Part of the problem for Republicans is that people do think they “own” and “deserve” their social security benefits. The problem is that those benefits are not the taxes that they put in; what they claim to own and deserve are the taxes a later generation is putting in or will put in. This makes it more difficult to do Republican things such as reduce taxes, and it makes it easier to shuffle social security taxes into the general budget which makes it more difficult to do Republican things such as reduce the size of government. Each individual’s benefits aren’t coming from the taxes they put in, but rather from taxes that haven’t been paid yet.

Bush--and presumably the Republicans--are hoping that reform will mean a long-term shift towards supporting Republican values of limited government and lower taxes.

In other words, they want the next generation’s AARP to become knee-jerk Republican supporters, fighting Democrat attempts to take away seniors’ hard-earned personal accounts.

Because of this expected effect, polls don’t necessarily matter as much. Further, polls are often misleading because they generally don’t measure how votes will change. People may say that they oppose or support a particular issue, but unless they care enough about it to change their votes it doesn’t matter.

You can see the same thing with medical marijuana. Polls consistently show strong support for allowing doctors to prescribe marijuana to patients that need it, but politicians don’t care. The only voters who care enough to vote based on the marijuana issue are either (a) so wedded to Democrats that neither Democrats nor Republicans need pay attention to them, (b) felons who can’t vote, or (c) about to die anyway.

If you read between the lines, you see the same thing possibly happening here.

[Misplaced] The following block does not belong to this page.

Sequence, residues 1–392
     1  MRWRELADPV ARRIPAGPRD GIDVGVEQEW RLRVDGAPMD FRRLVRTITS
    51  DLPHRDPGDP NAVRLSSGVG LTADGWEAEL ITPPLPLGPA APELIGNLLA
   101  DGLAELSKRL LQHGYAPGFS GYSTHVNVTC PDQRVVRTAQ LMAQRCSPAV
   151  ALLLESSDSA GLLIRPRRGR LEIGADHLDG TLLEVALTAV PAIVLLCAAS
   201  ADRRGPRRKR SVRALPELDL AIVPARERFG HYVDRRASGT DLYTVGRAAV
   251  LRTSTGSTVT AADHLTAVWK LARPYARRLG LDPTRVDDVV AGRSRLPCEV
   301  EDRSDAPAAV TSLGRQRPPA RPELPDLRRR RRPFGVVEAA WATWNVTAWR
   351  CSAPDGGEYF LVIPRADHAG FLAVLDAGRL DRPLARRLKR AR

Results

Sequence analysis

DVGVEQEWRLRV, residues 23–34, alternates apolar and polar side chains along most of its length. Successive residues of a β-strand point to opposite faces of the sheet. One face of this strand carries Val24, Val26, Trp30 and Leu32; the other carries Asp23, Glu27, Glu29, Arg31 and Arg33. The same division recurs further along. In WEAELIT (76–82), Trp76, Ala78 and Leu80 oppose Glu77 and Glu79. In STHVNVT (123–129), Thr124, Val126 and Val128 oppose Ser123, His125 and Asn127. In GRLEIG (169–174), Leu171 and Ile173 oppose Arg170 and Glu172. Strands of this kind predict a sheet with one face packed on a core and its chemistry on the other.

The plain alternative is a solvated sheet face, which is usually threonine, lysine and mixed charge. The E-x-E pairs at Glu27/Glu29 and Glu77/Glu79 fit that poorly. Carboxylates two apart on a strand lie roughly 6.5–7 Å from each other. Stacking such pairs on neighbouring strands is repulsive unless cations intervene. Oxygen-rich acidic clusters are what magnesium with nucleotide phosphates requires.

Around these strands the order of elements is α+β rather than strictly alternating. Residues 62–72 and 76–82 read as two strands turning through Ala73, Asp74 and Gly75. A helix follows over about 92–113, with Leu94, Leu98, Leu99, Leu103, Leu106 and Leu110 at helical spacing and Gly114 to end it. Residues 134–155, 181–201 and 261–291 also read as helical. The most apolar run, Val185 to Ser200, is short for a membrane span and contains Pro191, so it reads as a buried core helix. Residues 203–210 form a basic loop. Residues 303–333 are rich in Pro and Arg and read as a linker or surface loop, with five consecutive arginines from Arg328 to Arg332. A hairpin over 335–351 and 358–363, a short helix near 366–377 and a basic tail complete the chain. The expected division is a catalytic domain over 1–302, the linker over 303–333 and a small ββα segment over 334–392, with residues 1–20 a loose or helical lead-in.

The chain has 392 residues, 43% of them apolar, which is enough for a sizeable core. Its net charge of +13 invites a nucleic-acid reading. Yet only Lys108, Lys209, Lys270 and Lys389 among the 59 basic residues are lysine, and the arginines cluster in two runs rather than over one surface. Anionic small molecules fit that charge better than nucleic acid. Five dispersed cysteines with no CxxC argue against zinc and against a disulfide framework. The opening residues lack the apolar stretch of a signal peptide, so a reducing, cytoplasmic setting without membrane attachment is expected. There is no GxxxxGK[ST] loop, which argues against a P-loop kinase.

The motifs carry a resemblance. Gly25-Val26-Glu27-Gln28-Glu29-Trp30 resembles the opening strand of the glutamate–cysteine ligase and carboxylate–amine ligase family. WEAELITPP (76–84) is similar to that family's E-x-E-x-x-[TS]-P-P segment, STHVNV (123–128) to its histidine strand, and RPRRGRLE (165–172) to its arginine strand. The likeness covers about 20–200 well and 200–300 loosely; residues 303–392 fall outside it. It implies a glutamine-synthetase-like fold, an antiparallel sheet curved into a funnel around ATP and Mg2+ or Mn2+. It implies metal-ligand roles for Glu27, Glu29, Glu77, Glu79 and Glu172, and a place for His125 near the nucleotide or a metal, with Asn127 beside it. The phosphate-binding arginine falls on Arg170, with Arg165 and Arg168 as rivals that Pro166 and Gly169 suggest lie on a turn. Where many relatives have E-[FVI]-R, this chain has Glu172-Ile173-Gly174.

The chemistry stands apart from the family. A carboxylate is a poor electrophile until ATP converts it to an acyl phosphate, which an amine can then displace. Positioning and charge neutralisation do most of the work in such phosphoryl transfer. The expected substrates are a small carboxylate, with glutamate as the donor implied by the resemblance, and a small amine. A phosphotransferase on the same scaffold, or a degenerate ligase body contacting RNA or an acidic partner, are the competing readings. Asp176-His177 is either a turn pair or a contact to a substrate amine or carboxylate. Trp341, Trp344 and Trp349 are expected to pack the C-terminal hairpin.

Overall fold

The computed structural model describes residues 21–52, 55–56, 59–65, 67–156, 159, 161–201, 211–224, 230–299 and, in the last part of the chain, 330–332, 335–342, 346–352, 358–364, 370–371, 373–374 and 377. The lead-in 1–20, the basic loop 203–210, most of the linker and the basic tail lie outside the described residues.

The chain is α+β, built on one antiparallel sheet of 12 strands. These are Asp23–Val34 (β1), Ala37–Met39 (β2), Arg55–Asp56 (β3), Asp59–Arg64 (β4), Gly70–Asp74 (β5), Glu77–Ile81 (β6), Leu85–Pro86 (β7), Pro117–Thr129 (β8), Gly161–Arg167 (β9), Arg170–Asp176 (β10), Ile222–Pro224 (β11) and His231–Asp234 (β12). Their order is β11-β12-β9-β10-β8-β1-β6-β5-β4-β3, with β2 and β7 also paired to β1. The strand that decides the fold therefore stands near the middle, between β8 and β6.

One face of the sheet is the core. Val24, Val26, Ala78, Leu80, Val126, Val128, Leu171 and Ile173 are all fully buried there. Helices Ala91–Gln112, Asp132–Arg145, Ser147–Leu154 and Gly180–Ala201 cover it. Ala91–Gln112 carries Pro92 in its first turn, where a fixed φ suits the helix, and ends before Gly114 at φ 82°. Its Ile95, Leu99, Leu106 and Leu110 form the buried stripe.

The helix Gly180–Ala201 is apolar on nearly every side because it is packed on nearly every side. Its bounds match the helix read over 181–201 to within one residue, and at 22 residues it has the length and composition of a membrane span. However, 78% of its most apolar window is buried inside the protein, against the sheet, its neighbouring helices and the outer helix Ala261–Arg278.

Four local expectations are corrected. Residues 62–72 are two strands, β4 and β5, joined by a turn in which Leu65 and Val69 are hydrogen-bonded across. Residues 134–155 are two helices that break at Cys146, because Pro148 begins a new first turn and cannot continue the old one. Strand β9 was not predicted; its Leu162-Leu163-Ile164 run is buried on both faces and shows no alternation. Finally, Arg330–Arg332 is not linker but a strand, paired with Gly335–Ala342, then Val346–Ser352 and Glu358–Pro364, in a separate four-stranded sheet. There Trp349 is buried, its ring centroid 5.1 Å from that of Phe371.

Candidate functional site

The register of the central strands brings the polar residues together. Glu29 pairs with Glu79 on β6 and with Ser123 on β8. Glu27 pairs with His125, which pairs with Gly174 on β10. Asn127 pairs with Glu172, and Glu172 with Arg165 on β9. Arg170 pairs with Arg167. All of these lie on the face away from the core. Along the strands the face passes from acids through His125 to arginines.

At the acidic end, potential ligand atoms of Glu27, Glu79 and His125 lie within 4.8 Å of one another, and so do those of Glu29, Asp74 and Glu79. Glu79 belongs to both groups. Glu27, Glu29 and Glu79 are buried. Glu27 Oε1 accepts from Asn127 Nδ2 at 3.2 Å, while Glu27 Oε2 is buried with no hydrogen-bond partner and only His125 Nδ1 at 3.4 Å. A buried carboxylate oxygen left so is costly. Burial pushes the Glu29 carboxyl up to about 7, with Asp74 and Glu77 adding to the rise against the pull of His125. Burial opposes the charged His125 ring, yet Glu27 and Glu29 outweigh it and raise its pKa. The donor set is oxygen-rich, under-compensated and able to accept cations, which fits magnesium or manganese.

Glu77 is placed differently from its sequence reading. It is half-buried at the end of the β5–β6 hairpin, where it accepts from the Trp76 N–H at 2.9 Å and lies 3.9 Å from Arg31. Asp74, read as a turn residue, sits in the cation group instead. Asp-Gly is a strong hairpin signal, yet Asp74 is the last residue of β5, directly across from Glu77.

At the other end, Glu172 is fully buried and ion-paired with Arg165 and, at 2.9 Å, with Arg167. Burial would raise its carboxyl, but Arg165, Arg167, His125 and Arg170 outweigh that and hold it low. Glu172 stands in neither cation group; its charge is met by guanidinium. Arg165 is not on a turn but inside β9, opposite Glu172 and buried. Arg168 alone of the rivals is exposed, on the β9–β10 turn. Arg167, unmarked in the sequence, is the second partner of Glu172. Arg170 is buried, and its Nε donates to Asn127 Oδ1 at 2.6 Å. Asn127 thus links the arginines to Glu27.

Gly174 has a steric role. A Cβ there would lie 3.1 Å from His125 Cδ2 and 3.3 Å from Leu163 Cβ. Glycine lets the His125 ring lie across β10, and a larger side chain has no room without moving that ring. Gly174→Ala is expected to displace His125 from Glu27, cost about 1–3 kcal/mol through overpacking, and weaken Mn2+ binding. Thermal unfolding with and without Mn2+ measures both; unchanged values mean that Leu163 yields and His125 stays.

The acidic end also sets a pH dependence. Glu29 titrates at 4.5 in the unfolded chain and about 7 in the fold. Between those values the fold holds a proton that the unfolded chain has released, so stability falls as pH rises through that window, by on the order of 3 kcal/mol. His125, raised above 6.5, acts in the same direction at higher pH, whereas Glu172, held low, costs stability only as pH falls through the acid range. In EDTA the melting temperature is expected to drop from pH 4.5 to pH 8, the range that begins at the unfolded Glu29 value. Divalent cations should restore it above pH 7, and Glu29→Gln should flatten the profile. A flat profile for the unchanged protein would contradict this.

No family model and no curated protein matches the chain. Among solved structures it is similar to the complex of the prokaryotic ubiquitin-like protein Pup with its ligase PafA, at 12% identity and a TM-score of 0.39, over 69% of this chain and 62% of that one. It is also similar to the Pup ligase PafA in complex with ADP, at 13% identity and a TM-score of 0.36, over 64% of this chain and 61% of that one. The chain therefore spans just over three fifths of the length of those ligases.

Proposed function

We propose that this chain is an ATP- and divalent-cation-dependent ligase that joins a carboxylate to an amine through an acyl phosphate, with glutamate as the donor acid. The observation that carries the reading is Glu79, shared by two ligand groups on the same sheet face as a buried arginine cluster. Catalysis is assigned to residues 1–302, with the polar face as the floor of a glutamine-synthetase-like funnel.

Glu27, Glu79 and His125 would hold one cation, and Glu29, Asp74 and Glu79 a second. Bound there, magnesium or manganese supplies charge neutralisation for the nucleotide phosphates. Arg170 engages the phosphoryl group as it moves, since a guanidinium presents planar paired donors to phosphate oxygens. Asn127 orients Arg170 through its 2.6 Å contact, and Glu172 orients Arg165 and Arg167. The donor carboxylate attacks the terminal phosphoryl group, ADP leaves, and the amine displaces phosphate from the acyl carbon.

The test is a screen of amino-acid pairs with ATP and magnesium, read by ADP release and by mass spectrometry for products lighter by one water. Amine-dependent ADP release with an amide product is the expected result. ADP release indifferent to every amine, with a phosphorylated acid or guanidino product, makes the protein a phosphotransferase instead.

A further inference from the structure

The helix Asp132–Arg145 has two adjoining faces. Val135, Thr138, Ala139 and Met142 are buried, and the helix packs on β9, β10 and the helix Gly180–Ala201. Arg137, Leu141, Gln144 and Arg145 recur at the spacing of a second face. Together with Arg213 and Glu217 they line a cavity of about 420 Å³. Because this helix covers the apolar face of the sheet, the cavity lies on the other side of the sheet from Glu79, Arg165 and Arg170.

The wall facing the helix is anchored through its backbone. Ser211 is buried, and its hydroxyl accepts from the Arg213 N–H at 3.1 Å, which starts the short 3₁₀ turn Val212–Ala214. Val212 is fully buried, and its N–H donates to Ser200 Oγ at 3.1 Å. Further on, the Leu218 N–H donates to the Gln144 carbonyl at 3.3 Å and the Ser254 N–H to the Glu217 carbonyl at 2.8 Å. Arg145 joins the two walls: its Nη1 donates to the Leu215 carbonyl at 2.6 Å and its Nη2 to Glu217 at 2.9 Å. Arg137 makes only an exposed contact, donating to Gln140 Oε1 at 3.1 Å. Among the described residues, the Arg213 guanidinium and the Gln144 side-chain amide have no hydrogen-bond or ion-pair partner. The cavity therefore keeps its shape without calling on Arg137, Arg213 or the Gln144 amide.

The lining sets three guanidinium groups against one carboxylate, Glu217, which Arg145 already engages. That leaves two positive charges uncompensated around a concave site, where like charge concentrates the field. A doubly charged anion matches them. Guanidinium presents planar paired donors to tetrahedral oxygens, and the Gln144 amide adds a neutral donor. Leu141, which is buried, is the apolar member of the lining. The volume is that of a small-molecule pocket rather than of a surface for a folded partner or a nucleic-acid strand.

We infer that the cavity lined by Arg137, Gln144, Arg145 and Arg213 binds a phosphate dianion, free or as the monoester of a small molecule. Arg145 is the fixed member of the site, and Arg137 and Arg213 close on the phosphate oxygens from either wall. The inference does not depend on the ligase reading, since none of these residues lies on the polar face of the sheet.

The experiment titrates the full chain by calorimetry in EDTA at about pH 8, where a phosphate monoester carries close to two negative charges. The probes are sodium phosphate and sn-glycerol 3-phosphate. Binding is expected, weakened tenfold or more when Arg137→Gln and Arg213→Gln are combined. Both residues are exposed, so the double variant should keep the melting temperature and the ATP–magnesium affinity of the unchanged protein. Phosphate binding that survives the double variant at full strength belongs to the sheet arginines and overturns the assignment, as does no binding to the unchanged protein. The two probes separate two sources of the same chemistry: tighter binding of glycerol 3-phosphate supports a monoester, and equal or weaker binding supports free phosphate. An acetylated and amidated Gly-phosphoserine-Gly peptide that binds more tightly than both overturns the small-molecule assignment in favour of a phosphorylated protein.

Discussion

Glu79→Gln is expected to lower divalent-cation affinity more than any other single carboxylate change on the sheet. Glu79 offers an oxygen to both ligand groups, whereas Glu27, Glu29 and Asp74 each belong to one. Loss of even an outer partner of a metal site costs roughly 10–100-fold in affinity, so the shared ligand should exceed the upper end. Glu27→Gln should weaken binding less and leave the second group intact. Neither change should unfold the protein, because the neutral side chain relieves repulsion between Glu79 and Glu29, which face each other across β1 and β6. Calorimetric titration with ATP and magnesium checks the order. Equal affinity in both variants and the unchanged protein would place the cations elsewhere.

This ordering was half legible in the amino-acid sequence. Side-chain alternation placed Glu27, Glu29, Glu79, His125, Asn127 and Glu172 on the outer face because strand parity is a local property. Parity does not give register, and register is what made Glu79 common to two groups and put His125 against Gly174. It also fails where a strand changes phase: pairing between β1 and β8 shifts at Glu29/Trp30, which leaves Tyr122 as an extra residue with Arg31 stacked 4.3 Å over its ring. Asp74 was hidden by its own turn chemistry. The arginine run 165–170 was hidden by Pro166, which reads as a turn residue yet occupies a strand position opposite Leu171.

“It doesn't look good,” said Karlyn Bowman, a public opinion analyst at the American Enterprise Institute, a policy research organization in Washington. No recent poll shows Bush with an approval rating higher than 35 percent on Social Security, she said. “The issue is fading” she said. Voters “seem a little bored with it.”

The question is whether Bush can turn that apathy into getting the reform through, or whether supporters of social security in its current form can turn that apathy into blocking reform.

What Republicans--or at least, Bush and company--are probably hoping for is that social security benefits are currently so disconnected from social security payments that most voters, while they may say they oppose reform, don’t care enough about it to base their votes on it. It won’t change current benefits, after all. But it is the kind of change that encourages individual ownership of benefits in the future. The longer that personal accounts survive reform, the more likely that those Republican-claimed values are to resonate among job-holding voters.

And because it is social security, and because they believe in it again, voters will respond with votes.

If it works, it will be interesting to see if Republicans will actually continue to support lower taxes and smaller government. The outlook there isn’t so hot. But that itself may be part of why Bush and his ideological team are pushing for social security reform now: they want to get the voters on the Republican side before the Republican party leaves it.